Monday, March 5, 2012

The A List: Classroom Survival Strategies

It has been said that it is important to view subjects in their natural habitat.  All the Wild Kingdom I watched as a kid said that, anyway.  I have sat in a lot of classrooms over the past twenty years as a result.  I'm not there to judge anyone, or grade anyone.   I am just an observer in this concrete jungle, and I certainly don't have any agenda.  I'm the Jane Goodall of the classroom habitat, you could say.  Except I have no intention of ever naming anyone Frodo.  The second I walk into the room, however, every single head turns toward me and every single head has the same thought: "She's here for me."

So I sit in the back and I observe.  I have to write stuff down, lest I forget something noteworthy, but mostly I just look around.  It really is fascinating.  The very first lesson kids learn in school is how to respond when the teacher calls on them for an answer.  Most kids will not have the answer, either because they didn't do the assignment or they momentarily forgot in the face of overwhelming fear that a teacher might call on them.  Over the years I've realized that there are certain strategies that kids have learned to compensate for this brief amnesia.  Here are a few that I've recently observed.

1. Play Possum.  Sit extremely still, very quiet, respiration minimal.  Maybe the teacher won't notice.  Most of the time they don't, because they are dealing with the loud kids, the chatty kids, etc.  If a teacher wants quiet, and you're being quiet, she is going to pass you by to get to the loud kids.  This is usually a very successful strategy, if not overused.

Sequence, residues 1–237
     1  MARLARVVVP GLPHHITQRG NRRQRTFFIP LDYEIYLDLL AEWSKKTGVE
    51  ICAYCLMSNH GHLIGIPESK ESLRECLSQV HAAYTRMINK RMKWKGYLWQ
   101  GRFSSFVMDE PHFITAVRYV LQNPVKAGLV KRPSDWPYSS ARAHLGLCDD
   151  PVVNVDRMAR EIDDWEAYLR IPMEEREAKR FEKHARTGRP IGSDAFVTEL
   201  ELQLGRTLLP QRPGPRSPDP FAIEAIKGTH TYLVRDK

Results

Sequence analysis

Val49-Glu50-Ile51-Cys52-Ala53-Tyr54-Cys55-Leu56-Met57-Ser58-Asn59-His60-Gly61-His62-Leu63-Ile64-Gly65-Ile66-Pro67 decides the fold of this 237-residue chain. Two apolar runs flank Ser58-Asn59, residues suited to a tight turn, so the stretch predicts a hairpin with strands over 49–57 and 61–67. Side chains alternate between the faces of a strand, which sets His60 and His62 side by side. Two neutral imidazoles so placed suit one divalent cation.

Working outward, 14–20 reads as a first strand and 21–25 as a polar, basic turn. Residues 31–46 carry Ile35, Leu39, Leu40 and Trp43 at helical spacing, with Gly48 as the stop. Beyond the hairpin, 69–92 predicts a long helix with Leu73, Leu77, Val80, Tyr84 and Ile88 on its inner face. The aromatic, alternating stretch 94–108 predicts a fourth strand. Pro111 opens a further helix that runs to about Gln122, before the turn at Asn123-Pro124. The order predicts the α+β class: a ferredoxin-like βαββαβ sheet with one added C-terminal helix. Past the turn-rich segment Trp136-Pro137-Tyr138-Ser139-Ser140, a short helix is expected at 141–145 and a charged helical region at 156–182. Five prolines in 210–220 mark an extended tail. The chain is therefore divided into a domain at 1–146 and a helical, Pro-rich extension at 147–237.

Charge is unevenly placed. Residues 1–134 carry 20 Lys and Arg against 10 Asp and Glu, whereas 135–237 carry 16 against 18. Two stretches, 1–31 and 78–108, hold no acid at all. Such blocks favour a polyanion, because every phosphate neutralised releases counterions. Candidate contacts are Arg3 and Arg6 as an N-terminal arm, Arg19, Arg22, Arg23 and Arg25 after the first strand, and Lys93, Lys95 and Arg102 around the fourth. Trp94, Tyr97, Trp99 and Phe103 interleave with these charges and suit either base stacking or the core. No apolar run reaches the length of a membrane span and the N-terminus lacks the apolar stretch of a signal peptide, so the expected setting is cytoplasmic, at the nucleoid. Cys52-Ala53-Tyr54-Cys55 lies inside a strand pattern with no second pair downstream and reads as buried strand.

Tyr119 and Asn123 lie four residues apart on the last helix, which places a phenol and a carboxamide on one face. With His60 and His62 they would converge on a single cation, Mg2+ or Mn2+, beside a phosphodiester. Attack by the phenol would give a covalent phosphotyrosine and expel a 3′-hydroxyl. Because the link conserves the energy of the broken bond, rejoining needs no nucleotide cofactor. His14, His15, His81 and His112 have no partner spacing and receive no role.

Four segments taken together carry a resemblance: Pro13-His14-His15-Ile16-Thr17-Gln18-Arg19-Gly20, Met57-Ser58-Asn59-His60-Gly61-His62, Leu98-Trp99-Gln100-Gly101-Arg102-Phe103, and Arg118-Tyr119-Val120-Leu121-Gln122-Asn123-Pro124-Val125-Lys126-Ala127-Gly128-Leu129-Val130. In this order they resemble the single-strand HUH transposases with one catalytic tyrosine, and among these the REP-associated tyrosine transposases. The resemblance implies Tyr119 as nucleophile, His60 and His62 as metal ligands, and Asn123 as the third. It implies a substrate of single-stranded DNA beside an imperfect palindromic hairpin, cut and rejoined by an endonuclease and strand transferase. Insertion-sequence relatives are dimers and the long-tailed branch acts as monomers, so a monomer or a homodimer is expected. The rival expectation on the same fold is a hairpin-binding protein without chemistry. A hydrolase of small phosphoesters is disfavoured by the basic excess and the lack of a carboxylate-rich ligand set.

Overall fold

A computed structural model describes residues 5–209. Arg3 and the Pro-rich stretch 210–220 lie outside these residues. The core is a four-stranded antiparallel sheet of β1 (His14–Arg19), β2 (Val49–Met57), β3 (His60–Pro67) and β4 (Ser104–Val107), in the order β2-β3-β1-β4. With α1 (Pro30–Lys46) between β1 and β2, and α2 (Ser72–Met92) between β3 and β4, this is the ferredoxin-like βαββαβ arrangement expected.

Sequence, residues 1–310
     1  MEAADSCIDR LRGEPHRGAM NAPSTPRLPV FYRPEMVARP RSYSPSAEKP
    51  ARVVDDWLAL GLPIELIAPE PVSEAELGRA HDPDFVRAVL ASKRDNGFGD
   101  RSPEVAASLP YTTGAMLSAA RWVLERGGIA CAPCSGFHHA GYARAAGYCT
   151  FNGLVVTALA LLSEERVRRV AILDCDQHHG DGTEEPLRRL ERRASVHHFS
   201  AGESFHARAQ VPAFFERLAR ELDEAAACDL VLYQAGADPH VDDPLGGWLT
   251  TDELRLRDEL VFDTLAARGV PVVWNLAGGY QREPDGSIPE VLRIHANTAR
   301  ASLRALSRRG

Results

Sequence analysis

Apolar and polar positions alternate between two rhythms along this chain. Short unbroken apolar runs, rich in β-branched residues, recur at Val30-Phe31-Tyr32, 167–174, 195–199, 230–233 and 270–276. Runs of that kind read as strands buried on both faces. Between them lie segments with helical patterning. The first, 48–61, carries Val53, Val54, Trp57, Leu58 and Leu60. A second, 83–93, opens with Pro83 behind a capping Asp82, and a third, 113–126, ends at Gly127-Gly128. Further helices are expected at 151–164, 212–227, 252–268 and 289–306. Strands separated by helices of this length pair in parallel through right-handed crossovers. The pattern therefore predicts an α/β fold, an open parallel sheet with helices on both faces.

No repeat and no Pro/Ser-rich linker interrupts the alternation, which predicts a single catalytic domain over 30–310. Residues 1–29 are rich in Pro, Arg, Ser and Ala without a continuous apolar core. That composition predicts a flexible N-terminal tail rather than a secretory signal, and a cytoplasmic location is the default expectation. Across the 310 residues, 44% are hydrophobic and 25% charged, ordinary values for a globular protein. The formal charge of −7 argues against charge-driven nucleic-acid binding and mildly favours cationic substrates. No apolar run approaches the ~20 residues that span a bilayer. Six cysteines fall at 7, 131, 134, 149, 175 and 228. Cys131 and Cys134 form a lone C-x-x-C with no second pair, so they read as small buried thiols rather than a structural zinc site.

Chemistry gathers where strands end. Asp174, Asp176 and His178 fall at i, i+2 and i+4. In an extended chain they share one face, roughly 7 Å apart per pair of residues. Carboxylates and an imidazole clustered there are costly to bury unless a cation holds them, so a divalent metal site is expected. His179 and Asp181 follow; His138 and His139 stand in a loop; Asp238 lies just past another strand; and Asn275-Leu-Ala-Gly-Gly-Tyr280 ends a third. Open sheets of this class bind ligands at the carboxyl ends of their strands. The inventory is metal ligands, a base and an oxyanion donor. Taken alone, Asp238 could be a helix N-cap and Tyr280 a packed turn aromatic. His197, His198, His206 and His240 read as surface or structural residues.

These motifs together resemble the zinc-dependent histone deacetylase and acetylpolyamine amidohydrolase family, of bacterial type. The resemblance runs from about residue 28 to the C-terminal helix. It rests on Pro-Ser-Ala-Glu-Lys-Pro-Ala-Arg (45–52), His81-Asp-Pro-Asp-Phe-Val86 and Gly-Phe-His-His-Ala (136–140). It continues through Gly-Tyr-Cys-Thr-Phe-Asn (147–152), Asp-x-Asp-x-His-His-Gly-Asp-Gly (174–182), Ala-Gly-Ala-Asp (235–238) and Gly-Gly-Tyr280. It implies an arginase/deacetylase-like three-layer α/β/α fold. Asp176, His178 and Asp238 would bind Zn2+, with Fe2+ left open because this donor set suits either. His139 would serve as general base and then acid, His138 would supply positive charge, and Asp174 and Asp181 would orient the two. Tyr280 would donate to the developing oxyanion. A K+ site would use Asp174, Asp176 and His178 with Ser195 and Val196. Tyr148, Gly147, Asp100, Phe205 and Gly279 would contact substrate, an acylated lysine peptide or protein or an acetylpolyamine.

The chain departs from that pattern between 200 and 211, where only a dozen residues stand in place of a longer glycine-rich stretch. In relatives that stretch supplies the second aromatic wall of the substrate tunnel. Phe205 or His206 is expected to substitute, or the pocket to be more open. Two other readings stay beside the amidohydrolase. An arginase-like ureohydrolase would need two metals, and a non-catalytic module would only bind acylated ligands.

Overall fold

2. Nod & Smile.  Teachers love it when their students are enthusiastic about what they are learning.  They love to look out at the crowd to a sea of smiling, nodding faces.  Kids know this.  The "Nod & Smile" strategy involves distracting the teacher with blatant adoration.  It's ingenious.  The teacher doesn't want to ruin the magic by asking a question that might be answered incorrectly, so they stop asking questions at all. If all goes well, nobody will be called on in class that day.

3. Look Around.  There are usually 400,000 things to look at in a classroom.  Posters, art displays, books, lessons, etc.  Planted on walls, hanging from the ceilings, taped across desks, are a number of answers to many questions that a teacher might ask.  No harm in checking them out. Some of those posters may jar a memory or be the exact answer you're looking for.

4. Blank stare.  Nature abhors a vacuum.  If a teacher sees a child with a completely blank stare, she will be concerned that this child is not "getting it".  Her concern will drive her to action.  The action will be to give the child the answer so that the flow of instruction is not impeded.  Kids know that all they have to do is sit and wait, using a blank stare, and someone will tell them what they need to know.

5.  Follow the nonverbals.  Teachers are generally lousy poker players with all their tells.  They tend to be very expressive and demonstrative  and emphatic.  All a kid has to do is learn to recognize the tells a particular teacher exhibits, and then capitalize on them. Watch faces when they ask the question.   Sometimes there will be a eye flick toward the vicinity of the answer, if it is on the wall. 

I've lately realized that all of these strategies could come in handy in other areas, such as staff meetings.  So what strategies do you use?


  1. It seems that the overly exuberant kiddo not just raising a hand, but waving it frantically doesn't get called that one worth the risk?

  2. I always employed the 'volunteer for the first question you can answer and hope you get skipped for any following question you might not know' strategy. Pre-emptive strike kind of thing.

  3. I had long hair when I was younger. I used to put all around my desk and hide. And hope nobody would notice. Think that would work in a board meeting? Na, probably not.


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